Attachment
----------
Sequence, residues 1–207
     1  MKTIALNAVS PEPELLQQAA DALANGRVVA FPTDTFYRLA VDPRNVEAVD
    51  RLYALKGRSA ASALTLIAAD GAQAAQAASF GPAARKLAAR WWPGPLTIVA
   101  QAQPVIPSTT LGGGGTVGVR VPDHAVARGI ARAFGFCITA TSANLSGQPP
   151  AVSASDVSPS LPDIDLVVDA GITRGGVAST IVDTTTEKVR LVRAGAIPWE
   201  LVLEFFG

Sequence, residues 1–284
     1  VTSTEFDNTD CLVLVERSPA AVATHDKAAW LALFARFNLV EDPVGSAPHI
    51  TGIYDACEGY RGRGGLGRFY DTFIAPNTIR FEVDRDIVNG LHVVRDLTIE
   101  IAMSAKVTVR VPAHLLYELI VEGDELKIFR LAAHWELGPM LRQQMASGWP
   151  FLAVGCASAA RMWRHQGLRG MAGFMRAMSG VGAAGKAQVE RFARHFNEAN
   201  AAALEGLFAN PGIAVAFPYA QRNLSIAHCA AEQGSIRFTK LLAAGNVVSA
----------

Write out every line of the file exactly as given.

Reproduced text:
Sequence, residues 1–207
     1  MKTIALNAVS PEPELLQQAA DALANGRVVA FPTDTFYRLA VDPRNVEAVD
    51  RLYALKGRSA ASALTLIAAD GAQAAQAASF GPAARKLAAR WWPGPLTIVA
   101  QAQPVIPSTT LGGGGTVGVR VPDHAVARGI ARAFGFCITA TSANLSGQPP
   151  AVSASDVSPS LPDIDLVVDA GITRGGVAST IVDTTTEKVR LVRAGAIPWE
   201  LVLEFFG

Sequence, residues 1–284
     1  VTSTEFDNTD CLVLVERSPA AVATHDKAAW LALFARFNLV EDPVGSAPHI
    51  TGIYDACEGY RGRGGLGRFY DTFIAPNTIR FEVDRDIVNG LHVVRDLTIE
   101  IAMSAKVTVR VPAHLLYELI VEGDELKIFR LAAHWELGPM LRQQMASGWP
   151  FLAVGCASAA RMWRHQGLRG MAGFMRAMSG VGAAGKAQVE RFARHFNEAN
   201  AAALEGLFAN PGIAVAFPYA QRNLSIAHCA AEQGSIRFTK LLAAGNVVSA